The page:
Relaxing whilst doing Competition Law is not an Oxymoron

An algorithm for competition law conferences

with 3 comments

Last week was a very weird one. I spent almost as much time at competition law conferences than at the office.  Here is a brief account of how the week went and of the thoughts that this conference overdose triggered:

 As I have already mentioned on this blog, on Tuesday I participated at a workshop entitled What is happening to Article 101 TFEU?organized by Giorgio Monti at the European University Institute in Fiesole (as you know, Prof. Monti´s  idea to hold this workshop was “inspired” by some discussions on this blog). The presentations by Giorgio Monti, Saskia King, Eric Gippini and Luis Ortiz and the discussion we had were all extremely interesting. I was overwhelmed by how smart (an genuinely nice and funny) the group was both during the workshop and outside of it. We tried to make sense out of the object/effect dichotomy and talked at length about what really is a restriction of competition as well as about the “deaths” of restrictions by effect and of Article 101(3). It´s a pity that only a small group could attend.  On the plane back to Brussels, Eric, Luis and I mentioned that perhaps we could try to write a brief piece with our “non-mainstream” ideas some time soon. I´ll make sure that they don´t forget about it.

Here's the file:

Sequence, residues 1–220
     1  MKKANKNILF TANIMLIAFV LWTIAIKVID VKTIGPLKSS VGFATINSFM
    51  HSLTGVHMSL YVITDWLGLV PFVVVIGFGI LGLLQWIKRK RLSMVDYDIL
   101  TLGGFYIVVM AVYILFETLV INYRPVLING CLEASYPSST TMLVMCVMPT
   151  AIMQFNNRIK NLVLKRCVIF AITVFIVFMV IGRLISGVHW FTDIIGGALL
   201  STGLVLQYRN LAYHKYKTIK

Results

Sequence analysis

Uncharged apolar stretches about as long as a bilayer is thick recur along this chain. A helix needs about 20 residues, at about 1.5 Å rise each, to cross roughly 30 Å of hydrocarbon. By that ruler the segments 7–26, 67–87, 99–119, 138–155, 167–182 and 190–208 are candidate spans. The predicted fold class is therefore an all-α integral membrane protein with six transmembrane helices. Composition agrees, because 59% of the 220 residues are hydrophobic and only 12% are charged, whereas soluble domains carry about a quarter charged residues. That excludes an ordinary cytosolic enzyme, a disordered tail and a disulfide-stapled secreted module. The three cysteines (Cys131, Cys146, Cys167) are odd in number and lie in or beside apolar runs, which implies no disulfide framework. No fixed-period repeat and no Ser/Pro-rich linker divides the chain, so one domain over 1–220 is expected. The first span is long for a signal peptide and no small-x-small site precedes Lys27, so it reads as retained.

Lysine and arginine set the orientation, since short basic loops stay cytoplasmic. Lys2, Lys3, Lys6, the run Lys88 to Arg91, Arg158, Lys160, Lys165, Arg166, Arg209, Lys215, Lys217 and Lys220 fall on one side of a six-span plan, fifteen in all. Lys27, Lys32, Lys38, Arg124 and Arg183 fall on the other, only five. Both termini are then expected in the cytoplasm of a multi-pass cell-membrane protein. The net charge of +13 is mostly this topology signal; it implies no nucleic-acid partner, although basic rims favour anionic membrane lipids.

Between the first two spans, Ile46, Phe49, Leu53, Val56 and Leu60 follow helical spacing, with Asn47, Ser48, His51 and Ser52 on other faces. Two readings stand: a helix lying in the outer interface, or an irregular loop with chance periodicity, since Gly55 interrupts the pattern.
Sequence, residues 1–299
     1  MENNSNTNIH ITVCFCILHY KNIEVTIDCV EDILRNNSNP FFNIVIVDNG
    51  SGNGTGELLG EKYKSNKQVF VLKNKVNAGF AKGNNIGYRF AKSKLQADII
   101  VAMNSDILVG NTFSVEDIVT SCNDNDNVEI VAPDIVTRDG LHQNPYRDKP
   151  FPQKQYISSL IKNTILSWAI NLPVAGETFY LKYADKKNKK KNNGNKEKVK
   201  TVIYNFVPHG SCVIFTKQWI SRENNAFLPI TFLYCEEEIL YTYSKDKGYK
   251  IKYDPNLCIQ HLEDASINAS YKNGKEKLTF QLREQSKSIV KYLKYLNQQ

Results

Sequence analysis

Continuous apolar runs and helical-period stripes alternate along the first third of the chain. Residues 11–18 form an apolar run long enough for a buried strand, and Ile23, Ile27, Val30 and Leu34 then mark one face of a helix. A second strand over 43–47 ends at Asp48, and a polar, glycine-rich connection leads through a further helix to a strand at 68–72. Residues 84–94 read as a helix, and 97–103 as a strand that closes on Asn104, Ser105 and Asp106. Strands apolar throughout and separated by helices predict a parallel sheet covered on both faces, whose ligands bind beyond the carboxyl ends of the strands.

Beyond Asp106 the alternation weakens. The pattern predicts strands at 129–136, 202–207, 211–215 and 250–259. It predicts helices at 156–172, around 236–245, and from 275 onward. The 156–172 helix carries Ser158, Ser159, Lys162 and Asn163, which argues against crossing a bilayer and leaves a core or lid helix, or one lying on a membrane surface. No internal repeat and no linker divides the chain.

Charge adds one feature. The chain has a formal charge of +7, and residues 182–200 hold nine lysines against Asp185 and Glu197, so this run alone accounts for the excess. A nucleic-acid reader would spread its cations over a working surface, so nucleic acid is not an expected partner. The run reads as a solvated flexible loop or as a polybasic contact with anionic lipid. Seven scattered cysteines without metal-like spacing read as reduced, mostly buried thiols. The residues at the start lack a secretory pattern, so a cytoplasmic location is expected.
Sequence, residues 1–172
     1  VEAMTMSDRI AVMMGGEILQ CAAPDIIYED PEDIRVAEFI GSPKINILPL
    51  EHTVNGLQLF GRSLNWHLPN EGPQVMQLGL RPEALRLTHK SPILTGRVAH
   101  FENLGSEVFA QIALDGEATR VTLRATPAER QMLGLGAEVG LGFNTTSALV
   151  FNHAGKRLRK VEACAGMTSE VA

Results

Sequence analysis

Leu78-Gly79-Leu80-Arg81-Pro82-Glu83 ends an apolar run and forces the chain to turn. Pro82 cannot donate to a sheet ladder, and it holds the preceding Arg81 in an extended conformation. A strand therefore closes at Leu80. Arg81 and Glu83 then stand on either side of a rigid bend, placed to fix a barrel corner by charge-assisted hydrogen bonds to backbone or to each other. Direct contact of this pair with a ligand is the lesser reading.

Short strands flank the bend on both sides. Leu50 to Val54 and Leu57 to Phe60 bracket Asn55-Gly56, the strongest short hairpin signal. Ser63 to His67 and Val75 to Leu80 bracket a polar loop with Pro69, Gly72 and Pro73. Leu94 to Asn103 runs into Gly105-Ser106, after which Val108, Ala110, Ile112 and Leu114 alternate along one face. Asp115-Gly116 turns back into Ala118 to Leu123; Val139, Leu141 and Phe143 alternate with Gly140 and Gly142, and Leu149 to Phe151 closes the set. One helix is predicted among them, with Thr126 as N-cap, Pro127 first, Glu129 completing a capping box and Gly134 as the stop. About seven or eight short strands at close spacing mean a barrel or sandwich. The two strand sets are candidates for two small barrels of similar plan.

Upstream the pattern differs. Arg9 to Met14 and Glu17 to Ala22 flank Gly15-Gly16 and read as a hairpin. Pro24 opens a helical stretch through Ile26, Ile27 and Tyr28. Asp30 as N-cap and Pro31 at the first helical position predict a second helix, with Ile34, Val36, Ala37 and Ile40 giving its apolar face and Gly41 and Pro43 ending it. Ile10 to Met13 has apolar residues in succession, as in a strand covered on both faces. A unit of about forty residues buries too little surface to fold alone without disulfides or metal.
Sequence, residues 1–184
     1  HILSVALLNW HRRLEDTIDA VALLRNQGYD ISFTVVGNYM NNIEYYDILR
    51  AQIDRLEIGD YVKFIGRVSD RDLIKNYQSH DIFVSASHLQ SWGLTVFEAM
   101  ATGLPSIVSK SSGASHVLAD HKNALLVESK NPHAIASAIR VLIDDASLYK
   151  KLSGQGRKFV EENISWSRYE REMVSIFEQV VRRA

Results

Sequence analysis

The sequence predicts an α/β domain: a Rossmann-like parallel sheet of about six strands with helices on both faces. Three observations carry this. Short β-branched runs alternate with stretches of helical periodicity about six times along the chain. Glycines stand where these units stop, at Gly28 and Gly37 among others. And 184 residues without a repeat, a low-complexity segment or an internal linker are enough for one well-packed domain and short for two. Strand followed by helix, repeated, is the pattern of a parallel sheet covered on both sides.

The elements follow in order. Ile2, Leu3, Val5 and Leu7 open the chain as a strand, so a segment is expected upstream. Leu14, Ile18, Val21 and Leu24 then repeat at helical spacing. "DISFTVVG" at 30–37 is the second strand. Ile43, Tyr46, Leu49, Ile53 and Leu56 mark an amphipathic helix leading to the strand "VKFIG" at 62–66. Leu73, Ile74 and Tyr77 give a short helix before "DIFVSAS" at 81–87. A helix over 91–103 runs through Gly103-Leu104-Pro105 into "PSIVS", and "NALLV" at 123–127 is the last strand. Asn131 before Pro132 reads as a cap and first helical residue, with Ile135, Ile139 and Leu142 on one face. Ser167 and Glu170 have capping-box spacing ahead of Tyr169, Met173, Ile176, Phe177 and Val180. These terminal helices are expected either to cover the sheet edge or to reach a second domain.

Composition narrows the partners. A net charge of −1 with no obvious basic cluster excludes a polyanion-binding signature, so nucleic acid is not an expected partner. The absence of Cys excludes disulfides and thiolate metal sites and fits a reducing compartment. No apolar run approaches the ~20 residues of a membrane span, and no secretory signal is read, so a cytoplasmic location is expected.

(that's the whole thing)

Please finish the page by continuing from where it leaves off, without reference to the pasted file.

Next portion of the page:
On Wednesday Charles River Associates (CRA) held its annual conference in Brussels. I attended most of the morning sessions and I have to say that the event was a great success. As excellent economists, these guys are conscious of the power of “FREE”. They deserve recognition for holding a free very high quality conference in Brussels.

Then on Thursday there was a lunch talk at the GCLC on the Menarini Judgment. I couldn´t attend, but all I hear is that the speakers were truly brilliant.

The reason I couldn´t attend the GCLC event is that at the same time I was speaking at yet another conference: the International Symposium on Competition Policy organized by the Centre for Parliamentary Studies. I was invited to this event following a recommendation from Nicolas (I really owe you one here, mate -please note the irony-). I was supposed to deliver the final keynote speech on “The future of EU Competition Policy“. I had prepared what I thought to be a fairly original and humorous prediction of what I think will certainly happen in the short term, of what should happen in the medium tem, and of what will inevitably happen in the long term. I´m not very sure that my messages will have the impact I´d hoped for: the audience was composed by two people from the Namibian competition authority, two members of the Malaysian competition Commission, a member of the Danish Ministry of Economic Affairs, a Scot from the Water Industry Commission, and my colleague Napoleón Ruiz who threatened me with taking pictures.   Jokes aside, it was fun.